Advent Calendar

The Christmas Mystery by Jostein Gaarder

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I heard about this unusual book recently on BBC Radio 4’s Beyond Belief programme where the author Frank Cottrell-Boyce chose it as his favourite children’s book with a religious message, describing it as ‘an advent calendar within a book’.

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Its unique structure takes us day by day through December as a young Norwegian boy opens a door of a ‘magic advent calendar’ he discovers amongst the toy and chocolate filled offerings in his local bookshop.

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Each door contains a picture and a piece of paper containing the latest part of a mysterious story in which a young girl called Elisabet follows a sheep out of the same bookshop, meeting angels and various historical figures as she travels across continents and back through time all the way to the birth of Christ.

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Who has placed this strange calendar in the shop, and what happened to the real Elisabet who disappeared from the town many years before? Gaarder keeps you guessing to the end. 

For Frank Cottrell-Boyce the Christmas Mystery is a children’s classic.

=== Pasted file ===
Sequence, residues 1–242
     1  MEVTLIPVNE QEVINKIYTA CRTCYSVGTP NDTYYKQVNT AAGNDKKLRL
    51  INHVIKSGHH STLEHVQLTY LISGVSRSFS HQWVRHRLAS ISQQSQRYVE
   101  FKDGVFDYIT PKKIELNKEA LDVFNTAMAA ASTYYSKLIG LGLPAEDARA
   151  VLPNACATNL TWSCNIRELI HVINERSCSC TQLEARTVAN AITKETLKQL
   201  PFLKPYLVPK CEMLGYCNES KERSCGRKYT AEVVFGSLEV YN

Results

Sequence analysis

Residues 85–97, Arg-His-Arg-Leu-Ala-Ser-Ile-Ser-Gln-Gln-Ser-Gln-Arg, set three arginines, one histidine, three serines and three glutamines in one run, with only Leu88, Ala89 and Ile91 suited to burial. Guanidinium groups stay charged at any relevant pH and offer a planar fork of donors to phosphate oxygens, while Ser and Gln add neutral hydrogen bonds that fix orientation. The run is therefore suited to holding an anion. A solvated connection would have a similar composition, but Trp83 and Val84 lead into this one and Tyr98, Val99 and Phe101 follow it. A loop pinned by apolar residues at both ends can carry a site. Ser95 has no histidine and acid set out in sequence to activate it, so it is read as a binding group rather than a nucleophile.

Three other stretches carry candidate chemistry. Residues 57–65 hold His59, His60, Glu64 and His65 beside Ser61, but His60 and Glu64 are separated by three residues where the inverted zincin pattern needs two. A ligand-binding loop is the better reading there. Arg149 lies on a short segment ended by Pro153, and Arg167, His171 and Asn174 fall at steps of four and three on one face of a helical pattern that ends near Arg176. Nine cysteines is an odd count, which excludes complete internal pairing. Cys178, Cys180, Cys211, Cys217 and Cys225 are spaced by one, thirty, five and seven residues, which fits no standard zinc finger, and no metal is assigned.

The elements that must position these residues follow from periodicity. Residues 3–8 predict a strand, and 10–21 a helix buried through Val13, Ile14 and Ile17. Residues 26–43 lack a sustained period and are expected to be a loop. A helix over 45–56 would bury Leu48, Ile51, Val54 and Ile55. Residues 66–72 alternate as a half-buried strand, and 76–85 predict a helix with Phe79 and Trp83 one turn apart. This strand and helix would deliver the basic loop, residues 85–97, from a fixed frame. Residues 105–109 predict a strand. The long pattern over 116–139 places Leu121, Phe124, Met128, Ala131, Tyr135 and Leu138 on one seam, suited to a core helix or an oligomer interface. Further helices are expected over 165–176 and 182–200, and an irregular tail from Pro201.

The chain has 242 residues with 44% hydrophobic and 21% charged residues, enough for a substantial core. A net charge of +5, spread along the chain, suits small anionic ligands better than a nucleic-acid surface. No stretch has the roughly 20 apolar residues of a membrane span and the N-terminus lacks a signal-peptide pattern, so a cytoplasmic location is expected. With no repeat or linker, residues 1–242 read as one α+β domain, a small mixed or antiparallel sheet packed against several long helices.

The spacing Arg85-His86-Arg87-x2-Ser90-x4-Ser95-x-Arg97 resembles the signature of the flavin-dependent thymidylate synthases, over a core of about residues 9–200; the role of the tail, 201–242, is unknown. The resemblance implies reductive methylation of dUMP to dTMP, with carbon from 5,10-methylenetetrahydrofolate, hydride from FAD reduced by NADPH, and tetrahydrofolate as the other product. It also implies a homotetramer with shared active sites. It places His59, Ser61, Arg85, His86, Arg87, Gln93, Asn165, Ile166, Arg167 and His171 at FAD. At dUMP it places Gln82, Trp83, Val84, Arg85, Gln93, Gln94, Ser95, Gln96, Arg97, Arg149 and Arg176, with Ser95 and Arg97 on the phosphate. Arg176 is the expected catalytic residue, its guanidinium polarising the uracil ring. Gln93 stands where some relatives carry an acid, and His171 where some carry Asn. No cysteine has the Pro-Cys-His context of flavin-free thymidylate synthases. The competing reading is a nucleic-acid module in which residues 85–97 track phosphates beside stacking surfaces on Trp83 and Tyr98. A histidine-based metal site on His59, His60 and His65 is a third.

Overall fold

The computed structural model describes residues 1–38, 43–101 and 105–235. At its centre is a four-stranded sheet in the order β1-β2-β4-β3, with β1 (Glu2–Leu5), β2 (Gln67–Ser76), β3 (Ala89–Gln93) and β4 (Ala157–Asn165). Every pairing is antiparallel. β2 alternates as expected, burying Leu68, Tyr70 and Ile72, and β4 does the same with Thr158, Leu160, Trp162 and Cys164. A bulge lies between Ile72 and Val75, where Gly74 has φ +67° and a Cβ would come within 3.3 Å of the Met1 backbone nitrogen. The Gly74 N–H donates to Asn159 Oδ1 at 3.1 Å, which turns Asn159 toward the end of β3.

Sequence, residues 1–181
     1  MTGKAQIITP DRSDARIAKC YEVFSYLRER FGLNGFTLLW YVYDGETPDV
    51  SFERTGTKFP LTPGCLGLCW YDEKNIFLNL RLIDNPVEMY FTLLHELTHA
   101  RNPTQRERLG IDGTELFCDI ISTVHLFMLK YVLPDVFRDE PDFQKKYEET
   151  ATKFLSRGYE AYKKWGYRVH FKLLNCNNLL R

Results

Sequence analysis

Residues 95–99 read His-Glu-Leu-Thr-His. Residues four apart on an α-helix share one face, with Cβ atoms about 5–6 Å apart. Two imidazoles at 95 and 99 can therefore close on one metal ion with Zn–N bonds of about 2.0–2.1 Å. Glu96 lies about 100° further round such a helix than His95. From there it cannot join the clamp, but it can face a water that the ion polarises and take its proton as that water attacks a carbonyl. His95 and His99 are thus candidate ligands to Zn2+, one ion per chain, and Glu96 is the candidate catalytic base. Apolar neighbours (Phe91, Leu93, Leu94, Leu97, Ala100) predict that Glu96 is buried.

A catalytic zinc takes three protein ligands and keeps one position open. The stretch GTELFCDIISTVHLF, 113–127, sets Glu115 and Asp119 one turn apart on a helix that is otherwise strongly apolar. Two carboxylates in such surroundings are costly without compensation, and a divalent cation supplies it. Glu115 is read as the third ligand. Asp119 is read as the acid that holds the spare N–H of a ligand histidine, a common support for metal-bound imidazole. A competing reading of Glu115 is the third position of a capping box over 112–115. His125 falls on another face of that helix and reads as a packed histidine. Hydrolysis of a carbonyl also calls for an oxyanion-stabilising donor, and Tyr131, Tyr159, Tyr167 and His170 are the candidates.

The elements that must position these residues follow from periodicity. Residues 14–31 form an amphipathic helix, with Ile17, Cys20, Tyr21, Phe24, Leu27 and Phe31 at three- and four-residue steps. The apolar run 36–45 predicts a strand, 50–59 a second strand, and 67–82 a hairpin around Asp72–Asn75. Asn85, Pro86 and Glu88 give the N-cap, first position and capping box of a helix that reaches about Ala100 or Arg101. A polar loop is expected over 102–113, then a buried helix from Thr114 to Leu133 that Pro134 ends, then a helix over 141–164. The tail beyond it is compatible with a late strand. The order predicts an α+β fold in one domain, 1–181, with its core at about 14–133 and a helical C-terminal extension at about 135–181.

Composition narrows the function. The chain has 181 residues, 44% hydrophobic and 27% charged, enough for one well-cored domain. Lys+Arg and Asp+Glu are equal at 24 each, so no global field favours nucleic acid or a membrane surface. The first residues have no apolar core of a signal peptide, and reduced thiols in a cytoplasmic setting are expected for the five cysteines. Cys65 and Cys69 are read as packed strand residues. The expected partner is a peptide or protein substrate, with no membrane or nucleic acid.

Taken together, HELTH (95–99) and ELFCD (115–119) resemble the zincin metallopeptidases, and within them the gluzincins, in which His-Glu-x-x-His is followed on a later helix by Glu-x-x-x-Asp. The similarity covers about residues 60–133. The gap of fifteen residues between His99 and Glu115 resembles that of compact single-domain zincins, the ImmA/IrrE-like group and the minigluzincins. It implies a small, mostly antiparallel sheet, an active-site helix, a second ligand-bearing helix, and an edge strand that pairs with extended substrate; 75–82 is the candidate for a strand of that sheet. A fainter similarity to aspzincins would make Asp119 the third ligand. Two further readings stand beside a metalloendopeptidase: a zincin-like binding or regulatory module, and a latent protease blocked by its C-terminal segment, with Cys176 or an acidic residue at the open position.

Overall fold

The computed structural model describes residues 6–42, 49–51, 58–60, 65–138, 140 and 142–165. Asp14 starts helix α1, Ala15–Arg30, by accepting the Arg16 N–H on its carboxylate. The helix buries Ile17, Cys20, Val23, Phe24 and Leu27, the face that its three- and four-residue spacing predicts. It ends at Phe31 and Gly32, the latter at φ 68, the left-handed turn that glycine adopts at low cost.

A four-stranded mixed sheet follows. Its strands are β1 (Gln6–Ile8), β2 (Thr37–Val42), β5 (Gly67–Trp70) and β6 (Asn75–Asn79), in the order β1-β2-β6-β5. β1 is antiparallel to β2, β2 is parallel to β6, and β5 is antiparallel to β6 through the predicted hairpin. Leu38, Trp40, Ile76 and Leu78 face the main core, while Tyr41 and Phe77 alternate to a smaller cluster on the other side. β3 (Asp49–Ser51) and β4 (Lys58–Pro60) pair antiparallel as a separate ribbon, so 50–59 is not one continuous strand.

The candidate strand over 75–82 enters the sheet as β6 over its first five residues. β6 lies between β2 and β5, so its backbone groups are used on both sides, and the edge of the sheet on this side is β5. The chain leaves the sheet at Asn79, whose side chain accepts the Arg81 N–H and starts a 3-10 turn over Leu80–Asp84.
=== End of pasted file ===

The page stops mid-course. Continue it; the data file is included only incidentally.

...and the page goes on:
‘It contains the two things I love about the best in children’s fiction – intellectual boldness and narrative inventiveness.’

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Having written a Christmas book (Millions) with its own cast of religious figures, which does Frank think are better, saints or angels?

‘Saints of course! They’ve had to struggle a bit. They’re more rough and tumble and such an odd bunch.’

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Like a real advent calendar it is clearly written with the intention of sharing over 24 days, as Frank’s family do each year.

‘My wife reads a chapter of it a night to our children all the way through advent.’

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Read in these short chunks it building to a brilliant final revelation. So does Frank think the book also work as a mystery?  

‘Yes completely.  What’s brilliant about it is that the solution to the mystery turns out to be Mystery itself.’

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Intrigued? The Christmas Mystery by Jostein Gaarder is published by Orion. Illustrations shown here are taken from the 1996 edition by Rosemary Wells.

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2 thoughts on “The Christmas Mystery by Jostein Gaarder

  1. I read this many aeons ago, but was rather disappointed. It could be I wasn’t in the mood for it, or the religiosity put me off, and if I remember right the ending was rather sombre. I wonder what I’d make of it now.

    • I don’t think you’d find it much different. It’s not easy to read in large chunks as the use of scripture is pretty heavy going after a while. But I loved the conceit and the mystery sustained me to the end.

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